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Time:2021.10.28

Associate Prof. Bilu Liu and research group develop a Ta-TaS2 monolith catalyst with robust and metallic interface for highly-efficient hydrogen evolution

    The excessive use of fossil fuel energy has caused serious environmental problems. Hydrogen (H2) is a clean energy carrier with zero-carbon emission and can be produced by water electrolysis driven by renewable energy, which is beneficial for future global carbon neutrality. Polymer electrolyte membrane (PEM) electrolyzer technology is highly efficient and allows for high hydrogen production rates with current densities up to 2,000 mA cm−2, but suffers from problems of poor stability, high cost and low efficiency. Commercial water electrolysis is usually catalyzed by noble metals like platinum (Pt) and iridium (Ir) to produce hydrogen, but these noble metals are scarce and have poor stability especially under large current density. Reducing the use of noble metals or developing noble-metal-free catalysts with high activity and durability have been targeted for decades, but are far from satisfactory, especially under the large current densities demanded by industry.

    Besides large current operation, in practice, stability is another key issue for hydrogen production electrodes, and is usually obtained by anchoring catalysts on a conductive substrate using a binder like Nafion. With this approach, the adhesive force is usually weak and the catalysts loaded on the substrate often peel off upon hydrogen bombardment when a large operating current density is used in the hydrogen production, resulting in a short service life of the electrode. Such a structure also inevitably results in a large interface resistance between the catalyst and the substrate, which slows electron transport and causes serious Joule heating, especially at large current densities. As a consequence, the energy conversion efficiency is low, indicating the need to design the catalyst/substrate interface in a conceptually different way. Directly growing the catalyst on a conductive substrate could significantly improve the adhesion between them, improving the robustness of the electrode. Such a technique, however, cannot eliminate the interface resistance, especially when catalyst-substrate interaction is dominated by Van der Waals forces or ionic bonds. Therefore, the challenge in producing such an electrode is how to achieve a high-efficiency (ultralow or even zero interface resistance) and long-durability (strong interface binding forces) hydrogen production under large current densities.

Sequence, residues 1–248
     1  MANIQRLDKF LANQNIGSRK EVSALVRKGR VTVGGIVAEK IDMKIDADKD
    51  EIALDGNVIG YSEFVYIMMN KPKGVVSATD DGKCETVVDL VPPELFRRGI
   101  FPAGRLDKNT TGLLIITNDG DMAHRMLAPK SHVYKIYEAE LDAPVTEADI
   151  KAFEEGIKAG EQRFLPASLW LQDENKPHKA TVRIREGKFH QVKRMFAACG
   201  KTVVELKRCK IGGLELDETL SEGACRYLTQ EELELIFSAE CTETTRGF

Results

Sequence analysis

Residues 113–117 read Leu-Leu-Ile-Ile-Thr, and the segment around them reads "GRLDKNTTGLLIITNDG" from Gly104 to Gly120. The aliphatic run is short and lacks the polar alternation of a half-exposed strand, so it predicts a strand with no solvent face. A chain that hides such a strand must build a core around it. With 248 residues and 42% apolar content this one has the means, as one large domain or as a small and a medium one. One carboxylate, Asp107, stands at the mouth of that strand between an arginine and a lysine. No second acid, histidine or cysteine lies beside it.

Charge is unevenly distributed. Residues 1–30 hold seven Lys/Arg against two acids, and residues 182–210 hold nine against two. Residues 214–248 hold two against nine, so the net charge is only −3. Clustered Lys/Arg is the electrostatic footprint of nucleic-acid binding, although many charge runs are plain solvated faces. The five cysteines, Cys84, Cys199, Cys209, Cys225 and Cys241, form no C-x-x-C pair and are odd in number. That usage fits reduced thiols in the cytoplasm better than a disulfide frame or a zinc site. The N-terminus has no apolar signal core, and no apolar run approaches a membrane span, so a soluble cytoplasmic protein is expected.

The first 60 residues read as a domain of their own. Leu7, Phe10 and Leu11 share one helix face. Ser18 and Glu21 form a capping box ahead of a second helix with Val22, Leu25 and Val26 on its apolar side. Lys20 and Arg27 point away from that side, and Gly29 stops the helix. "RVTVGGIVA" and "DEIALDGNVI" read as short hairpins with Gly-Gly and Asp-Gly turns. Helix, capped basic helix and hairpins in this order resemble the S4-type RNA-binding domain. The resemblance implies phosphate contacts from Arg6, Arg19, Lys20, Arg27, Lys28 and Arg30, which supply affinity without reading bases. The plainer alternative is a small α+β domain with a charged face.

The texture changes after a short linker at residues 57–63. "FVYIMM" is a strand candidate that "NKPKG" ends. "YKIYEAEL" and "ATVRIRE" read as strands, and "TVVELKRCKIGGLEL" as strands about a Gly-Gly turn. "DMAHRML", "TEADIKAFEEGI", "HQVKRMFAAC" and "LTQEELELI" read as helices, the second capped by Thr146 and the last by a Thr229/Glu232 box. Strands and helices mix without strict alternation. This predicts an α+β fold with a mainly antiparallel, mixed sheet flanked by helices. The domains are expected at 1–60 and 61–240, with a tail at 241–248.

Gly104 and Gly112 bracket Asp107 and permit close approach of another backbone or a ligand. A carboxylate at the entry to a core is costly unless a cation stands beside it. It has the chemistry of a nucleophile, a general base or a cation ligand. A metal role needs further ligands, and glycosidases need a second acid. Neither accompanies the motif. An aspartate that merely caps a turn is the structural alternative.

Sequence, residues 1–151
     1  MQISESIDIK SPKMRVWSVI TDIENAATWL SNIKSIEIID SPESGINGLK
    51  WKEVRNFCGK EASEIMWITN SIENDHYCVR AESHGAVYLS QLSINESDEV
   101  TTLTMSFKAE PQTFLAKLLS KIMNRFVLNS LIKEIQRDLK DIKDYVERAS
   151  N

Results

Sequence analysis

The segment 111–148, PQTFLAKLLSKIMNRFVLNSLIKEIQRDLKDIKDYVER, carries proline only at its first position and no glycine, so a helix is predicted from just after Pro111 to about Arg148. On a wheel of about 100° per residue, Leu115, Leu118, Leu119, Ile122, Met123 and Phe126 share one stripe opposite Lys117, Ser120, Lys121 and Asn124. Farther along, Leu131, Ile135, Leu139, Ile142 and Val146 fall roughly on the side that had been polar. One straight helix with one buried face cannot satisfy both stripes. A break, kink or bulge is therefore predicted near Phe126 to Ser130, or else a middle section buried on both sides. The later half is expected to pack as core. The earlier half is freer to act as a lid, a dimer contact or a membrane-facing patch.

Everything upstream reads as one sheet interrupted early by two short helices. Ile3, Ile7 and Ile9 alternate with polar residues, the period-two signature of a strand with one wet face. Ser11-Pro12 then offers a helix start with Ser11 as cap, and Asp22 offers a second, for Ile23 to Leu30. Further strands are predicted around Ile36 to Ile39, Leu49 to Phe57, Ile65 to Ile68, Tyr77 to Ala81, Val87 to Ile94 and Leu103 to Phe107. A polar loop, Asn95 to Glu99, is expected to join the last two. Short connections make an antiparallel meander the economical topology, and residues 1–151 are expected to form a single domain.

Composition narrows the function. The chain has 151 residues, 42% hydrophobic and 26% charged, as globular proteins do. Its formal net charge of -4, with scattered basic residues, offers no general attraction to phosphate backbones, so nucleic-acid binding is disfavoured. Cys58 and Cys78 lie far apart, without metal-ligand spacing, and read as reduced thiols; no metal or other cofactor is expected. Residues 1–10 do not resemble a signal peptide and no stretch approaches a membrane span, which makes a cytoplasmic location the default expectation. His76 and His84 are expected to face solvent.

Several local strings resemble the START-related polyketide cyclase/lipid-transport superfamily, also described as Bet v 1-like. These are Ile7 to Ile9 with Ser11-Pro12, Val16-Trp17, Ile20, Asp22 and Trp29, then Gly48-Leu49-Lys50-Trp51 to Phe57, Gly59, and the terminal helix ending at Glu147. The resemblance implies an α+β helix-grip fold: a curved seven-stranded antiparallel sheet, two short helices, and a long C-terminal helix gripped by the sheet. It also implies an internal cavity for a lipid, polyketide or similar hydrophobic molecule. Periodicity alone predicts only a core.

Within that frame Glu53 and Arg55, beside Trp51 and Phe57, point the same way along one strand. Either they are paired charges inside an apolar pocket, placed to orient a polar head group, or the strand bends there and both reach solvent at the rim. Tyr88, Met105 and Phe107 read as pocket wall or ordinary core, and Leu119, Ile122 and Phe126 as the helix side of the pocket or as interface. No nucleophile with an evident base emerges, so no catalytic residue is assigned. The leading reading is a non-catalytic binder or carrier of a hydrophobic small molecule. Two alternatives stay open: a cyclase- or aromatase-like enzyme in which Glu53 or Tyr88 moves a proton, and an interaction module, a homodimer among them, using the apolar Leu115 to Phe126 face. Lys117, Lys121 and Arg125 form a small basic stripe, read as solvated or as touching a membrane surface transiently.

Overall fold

Recently, Prof. Bilu Liu’s research group and cooperating researchers have developed a new monolith catalyst (MC) with robust and metallic interface for highly-efficient hydrogen evolution at large current density. Specifically, a metallic transition metal dichalcogenide (m-TMDC) is vertically grown on a substrate of the same metal using an oriented-solid-phase synthesis (OSPS) method. Due to the nature of the monolith, charges can be directly transferred from the substrate to the catalyst without crossing van der Waals interfaces, providing highly efficient charge injection and an excellent hydrogen evolution reaction (HER) performance. This MC has almost zero interface resistance and therefore offers unimpeded electron transfer. Moreover, the catalyst is bonded to the substrate by strong covalent bonds, which gives excellent mechanical stability to withstand the large current densities needed for efficient hydrogen production. As an example, a tantalum-tantalum sulfide (Ta-TaS2) MC with a large area has been synthesized by the OSPS method and shown superior hydrogen evolution activity, achieving 2,000 mA cm−2 with a small overpotential of 398 mV and continues working for more than 200 h under large current densities in a 0.5 M H2SO4 electrolyte without noticeable performance decay. The MC can be prepared in large scale and at a low cost, which fills the gap between lab tests and industrial use. Because of the way the material is prepared and its high catalytic performance, this method may be applied to other materials or reactions to solve problems in the energy, chemistry, and industrial fields.

Figure 1. Structure and properties of the Ta-TaS2 MC material.



Figure 2. Synthesis and characterization of the Ta-TaS2 MC.


Figure 3. Mechanical and electrical properties of the Ta-TaS2 MC.


Figure 4. Large-current-density HER performance of the Ta-TaS2MC.


Figure 5. Scalable synthesis of the Ta-TaS2 MC for PEM water electrolysis.

    A paper based on this research was recently published in Nature Communications and is entitled “A Ta-TaS2 monolith catalyst with robust and metallic interface for superior hydrogen evolution.” The first author is Dr. Qiangmin Yu, the corresponding authors are Prof. Bilu Liu and Prof. Chenghua Sun. The paper’s authors also included Zhiyuan Zhang, Siyao Qiu, Yuting Luo, Zhibo Liu, Fengning Yang, Heming Liu, Shiyu Ge, Prof. Xiaolong Zou, Baofu Ding, Prof. Wencai Ren, and Prof. Hui-Ming Cheng. This work was supported by the National Natural Science Foundation of China, the Guangdong Innovative and Entrepreneurial Research Team Program, the Science, Technology and Innovation Commission of Shenzhen Municipality, and the Development and Reform Commission of Shenzhen Municipality.


Link to Full Articlehttps://doi.org/10.1038/s41467-021-26315-7


Text: Qiangmin Yu

Editing: A.S.,Yuan Yang